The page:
It was quite a night for the Feed the Cape food drive as it opened its summer fundraiser Wednesday night with a kickoff party at Rumrunner's.
In one night, "Feed the Cape," an informal organization of people and businesses, surpassed its total for all of last year by raising more than $25,000 for the Cape Coral Caring Center, an organization devoted to helping feed those who are less fortunate put food on the table, among other things.
Several hundred pounds of food was also brought in for the fundraiser, sponsored by the Chamber of Commerce, the Cape Coral Construction Industry Association, Spiro & Associates, and others.
"This is the second year we've done this and we hope it will grow every year. The more the community finds out about it, the more it will grow and grow," said Donna Germain, communications director at the Cape Coral Chamber of Commerce.
Last year's fundraiser brought in around $16,000, which bought more than 10,000 pounds of food. Germain believes they can double last year's total when the drive ends on Aug. 9 when school starts.
The scheduling of this fundraiser is no coincidence, since it's summer recess for Lee County schools and many of the children in Lee County are on free or reduced lunch programs. For many, the meal they eat at school is the only one they eat all day.
"This is to help those families who are struggling so they're able to feed their families over the summer," Germain said.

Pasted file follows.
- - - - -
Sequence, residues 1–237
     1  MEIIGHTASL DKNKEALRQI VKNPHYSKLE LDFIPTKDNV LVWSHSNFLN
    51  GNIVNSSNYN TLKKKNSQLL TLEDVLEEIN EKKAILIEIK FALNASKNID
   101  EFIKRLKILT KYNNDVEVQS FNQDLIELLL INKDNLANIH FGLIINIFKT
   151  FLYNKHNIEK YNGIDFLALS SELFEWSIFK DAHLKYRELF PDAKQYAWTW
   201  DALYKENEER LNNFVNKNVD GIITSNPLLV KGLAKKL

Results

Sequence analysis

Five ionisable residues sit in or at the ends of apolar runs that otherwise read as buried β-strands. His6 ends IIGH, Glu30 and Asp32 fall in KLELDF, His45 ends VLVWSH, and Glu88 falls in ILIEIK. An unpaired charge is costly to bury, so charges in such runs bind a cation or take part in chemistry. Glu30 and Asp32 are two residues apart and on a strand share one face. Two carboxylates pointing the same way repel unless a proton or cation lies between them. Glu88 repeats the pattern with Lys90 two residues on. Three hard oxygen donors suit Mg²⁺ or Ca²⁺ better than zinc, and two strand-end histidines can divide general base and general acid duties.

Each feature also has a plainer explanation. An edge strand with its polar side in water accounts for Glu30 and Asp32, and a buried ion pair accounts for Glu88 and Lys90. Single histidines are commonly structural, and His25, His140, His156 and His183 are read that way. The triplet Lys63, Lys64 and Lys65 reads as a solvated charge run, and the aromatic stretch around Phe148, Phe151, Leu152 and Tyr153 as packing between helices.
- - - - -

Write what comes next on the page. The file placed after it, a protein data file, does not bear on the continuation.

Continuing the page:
Chris Spiro, of Spiro & Associates, gave some facts that were even more humbling.
"Last night, 800-plus kids slept in their car in Lee County, and there are 56,000 children on free and reduced lunches and Wednesday was the end of school," Spiro said. "We live in paradise, and no child or senior should have to go to bed hungry."
The Caring Center, founded in 1990, has offered short-term assistance to more than 70,000 Cape residents. It gets funding through churches and church groups, the city of Cape Coral (C.D.B.G funds) , civic and fraternal organizations, local businesses, private citizens and the United Way (FEMA funds).
Perhaps the most amazing thing about the Feed the Cape campaign is that it is not an official, organized group. Rather, it is an affiliation of business people who want to help those less fortunate, whether through writing a check or offering free services to spread the word.
Wednesday's event was a "who's who" of the city's business community, Spiro said.
"There were no egos, but a group of community stewards who saw a need. It was amazing how these people stepped up and said 'not in my town.'"
There are currently 18 locations people can go to donate food.
To learn more, visit www.feedthecape.com.